2009 Export Report

The Lowdown for Frozen Potato Products

Published in the November 2010 Issue Published online: Nov 09, 2010 John Toaspern, USPB VP, International Marketing
Viewed 1103 time(s)

For marketing year July 2009 through June 2010 (MY09/10), exports of U.S. potatoes and products totaled 1,229,853 metric tons (MT), valued at $1,172,702,250. On a fresh weight equivalent basis (Fresh Weight Equivalent: frozen 1 to 1.7, chips 1 to 4, dehy 1 to 6.5), exports accounted for 53,074,809 cwt of U.S. potatoes leaving the country. This is roughly 15 percent of total production.

U.S. exports of frozen potato products for MY09/10 were 715,036 MT, down 9.78 percent from the previous year's record. The value of frozen potato exports was $729 million, an increase of 1.24 percent. This growth in the value of U.S. frozen potato exports reflects an increase in the unit value from $908/MT to $1,020/MT. This placed U.S. product at a competitive disadvantage to product from the EU with a unit value of $753/MT and Canada at $914/MT.

Export volume to Japan, the largest U.S. market, declined 3 percent to 285,538 MT, mirroring the 3 percent decline in total exports to the market. This reflects the continued economic woes in Japan, where GDP decreased 1.9 percent in 2009. Exports of non-fried and specialty products promoted by USPB grew by 15 percent in MY09/10.

The imposition by Mexico of a 20-percent retaliatory tariff on U.S. frozen potato products-in response to the cancellation by the U.S. government of the NAFTA-mandated pilot program to allow Mexican trucks to operate in the U.S.-resulted in a 41-percent reduction in U.S. exports to Mexico to 45,301 MT. Meanwhile, exports from Canada increased 39 percent to 57,052 MT.

This is the first time ever that Canada has had the larger market share in Mexico.

The overall market declined 12 percent, again reflecting the very difficult economic situation in Mexico. It is a credit to the USPB representatives' dogged efforts in the market that U.S. exports did not fall even further.

South Korea moved into the No. 4 spot, with a 31-percent increase in U.S. exports to 44,616 MT, while exports to China grew by 15 percent, to 44,013 MT. In both markets the USPB program is focused on diversifying the use of U.S. frozen potato products to local cuisine and alternative channels. Exports to the CAFTA-DR countries, where the USPB initiated a marketing program in 2008/09, grew 18 percent to 24,170 MT. Canada and the EU still retain roughly two-thirds of these markets, providing an opportunity for the U.S. to not only benefit from growth in the markets, but also increase market share.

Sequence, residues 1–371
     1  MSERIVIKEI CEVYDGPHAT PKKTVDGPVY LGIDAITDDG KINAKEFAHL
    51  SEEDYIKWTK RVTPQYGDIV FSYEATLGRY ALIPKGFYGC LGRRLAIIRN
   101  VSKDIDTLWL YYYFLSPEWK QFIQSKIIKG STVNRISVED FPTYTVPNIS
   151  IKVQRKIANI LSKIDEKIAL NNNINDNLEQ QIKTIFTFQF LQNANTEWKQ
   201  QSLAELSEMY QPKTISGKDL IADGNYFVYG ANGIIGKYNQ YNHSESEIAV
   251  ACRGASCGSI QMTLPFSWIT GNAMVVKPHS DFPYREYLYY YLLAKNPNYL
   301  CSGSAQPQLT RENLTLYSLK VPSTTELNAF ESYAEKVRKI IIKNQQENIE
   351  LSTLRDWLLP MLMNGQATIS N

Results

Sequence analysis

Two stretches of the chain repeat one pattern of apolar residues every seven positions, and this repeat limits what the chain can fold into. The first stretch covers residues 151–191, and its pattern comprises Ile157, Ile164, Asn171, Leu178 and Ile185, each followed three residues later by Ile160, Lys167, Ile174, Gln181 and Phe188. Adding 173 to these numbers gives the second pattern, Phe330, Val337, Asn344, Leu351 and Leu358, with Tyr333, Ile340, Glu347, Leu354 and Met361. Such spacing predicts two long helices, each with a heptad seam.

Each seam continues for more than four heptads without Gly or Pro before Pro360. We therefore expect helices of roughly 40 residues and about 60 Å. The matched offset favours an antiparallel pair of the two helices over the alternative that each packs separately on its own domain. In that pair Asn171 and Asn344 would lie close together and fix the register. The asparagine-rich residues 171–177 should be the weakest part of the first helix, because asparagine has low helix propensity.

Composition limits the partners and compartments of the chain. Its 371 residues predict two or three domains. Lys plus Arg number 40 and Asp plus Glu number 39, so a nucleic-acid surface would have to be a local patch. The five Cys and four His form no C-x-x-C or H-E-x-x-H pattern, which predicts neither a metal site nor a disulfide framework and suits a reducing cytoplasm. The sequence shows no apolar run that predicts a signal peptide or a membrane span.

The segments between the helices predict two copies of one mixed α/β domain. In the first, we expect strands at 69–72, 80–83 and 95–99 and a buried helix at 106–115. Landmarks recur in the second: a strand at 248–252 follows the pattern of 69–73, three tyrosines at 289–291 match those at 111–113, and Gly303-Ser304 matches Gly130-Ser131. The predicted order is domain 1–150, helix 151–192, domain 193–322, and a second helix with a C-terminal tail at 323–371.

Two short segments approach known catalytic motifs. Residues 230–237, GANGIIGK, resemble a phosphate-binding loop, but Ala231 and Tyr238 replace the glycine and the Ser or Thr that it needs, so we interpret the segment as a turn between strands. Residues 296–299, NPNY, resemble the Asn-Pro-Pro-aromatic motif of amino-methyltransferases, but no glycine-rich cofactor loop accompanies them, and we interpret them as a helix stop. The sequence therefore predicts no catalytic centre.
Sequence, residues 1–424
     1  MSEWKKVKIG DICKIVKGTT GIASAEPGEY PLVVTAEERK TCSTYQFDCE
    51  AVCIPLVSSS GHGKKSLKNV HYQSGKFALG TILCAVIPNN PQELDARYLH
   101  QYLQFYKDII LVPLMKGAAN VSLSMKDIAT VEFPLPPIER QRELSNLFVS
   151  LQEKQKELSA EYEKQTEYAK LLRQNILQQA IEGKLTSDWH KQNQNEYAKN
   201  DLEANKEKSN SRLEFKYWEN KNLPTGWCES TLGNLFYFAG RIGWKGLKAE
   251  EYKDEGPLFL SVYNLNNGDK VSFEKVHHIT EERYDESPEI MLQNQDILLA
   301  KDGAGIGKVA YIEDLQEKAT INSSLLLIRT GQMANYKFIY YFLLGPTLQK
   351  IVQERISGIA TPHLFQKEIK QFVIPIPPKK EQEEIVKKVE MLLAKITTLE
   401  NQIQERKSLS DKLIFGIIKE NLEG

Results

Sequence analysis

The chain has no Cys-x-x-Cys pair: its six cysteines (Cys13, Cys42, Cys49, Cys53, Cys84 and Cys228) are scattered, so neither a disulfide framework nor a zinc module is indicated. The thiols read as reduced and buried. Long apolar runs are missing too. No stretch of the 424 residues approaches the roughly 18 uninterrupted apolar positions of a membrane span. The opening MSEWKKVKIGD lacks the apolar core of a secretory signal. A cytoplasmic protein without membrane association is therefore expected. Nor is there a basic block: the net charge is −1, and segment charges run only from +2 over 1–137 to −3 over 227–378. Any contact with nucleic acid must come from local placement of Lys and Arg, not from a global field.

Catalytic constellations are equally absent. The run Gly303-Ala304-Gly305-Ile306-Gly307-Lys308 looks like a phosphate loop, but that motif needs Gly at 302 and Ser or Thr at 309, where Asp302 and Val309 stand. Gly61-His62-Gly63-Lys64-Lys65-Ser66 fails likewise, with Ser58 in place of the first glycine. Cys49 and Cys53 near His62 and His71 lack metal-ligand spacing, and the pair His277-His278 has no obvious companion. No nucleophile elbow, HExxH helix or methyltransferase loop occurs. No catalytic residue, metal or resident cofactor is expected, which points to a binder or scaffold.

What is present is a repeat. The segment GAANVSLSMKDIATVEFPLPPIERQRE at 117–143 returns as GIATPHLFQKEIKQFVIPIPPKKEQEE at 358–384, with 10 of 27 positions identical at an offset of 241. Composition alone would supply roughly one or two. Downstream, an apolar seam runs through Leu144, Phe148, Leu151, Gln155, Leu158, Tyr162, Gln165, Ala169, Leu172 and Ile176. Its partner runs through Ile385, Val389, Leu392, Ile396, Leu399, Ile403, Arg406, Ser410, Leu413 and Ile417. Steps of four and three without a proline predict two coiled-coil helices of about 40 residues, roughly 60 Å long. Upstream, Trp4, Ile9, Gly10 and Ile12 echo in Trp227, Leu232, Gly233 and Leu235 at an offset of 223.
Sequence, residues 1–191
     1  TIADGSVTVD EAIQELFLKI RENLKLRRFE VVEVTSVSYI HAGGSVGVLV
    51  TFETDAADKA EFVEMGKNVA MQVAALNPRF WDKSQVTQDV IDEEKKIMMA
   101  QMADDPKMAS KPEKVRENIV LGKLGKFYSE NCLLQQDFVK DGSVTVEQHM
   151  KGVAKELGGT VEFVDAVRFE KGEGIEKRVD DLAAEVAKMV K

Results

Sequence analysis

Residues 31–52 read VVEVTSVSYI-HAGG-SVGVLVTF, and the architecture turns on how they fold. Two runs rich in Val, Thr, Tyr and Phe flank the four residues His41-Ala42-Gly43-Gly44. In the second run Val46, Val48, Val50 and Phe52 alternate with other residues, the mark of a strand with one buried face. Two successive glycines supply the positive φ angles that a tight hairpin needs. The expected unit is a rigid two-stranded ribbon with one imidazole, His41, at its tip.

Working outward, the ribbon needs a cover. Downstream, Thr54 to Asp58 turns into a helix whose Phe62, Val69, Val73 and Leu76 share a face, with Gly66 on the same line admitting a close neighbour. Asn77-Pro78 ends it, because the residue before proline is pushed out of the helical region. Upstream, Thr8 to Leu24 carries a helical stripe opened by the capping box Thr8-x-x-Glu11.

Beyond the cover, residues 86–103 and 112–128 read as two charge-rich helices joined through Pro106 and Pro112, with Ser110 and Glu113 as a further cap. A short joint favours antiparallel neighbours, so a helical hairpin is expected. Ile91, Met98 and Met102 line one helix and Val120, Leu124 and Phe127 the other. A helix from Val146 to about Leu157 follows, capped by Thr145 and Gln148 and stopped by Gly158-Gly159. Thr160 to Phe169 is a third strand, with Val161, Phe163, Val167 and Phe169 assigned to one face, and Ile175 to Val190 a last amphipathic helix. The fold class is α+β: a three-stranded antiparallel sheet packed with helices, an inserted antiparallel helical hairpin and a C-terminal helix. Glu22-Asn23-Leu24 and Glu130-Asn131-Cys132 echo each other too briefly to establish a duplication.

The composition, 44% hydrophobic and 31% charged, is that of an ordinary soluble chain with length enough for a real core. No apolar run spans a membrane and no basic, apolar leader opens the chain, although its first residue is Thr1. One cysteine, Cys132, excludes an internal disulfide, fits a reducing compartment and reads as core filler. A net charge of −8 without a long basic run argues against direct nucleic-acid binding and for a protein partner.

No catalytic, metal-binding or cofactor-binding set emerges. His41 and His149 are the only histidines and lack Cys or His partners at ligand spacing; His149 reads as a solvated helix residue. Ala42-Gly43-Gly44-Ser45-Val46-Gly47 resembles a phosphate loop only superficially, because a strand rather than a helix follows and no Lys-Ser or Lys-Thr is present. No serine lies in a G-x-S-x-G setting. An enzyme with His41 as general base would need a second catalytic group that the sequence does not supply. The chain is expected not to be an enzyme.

Despite the price disadvantage of U.S. product versus the EU and China, the U.S. was still able to post export growth of 5 percent to the Philippines, 41 percent to Indonesia and 1 percent to Thailand. It is a testament to the USPB efforts in Thailand that any growth was recorded given that the U.S. product still faces a 30-percent tariff, while the tariff on product from Australia and New Zealand is less than 10 percent, and from China it is duty free. Vietnam, where the Board initiated a program this past year, grew 84 percent to a still small 1,572 MT.

On the negative side, U.S. exports of frozen products in MY10/11 will be impacted by the U.S. supply situation, the high U.S. price and tariff disadvantages in Thailand, Mexico and possibly, South Korea and Central America. The world-wide economic recovery should lead to an increase in demand, while the reduction of the retaliatory tariff by Mexico to 5 percent should be positive as well. Declines in potato production in the EU and Canada may also limit supplies available for export from these countries, as well as raise the price, though it will still probably remain below the U.S. price.

The USPB International Marketing Program will continue to focus on increasing demand for frozen potato products by introducing new products, opening new channels and finding new uses. Market share will be maintained or increased through the delivery of added value services, such as restaurant training and promotional assistance, as well as messages on the higher quality and profitability of U.S. products. Overall demand for frozen potato products will be increased through positive nutrition messages and issues management work.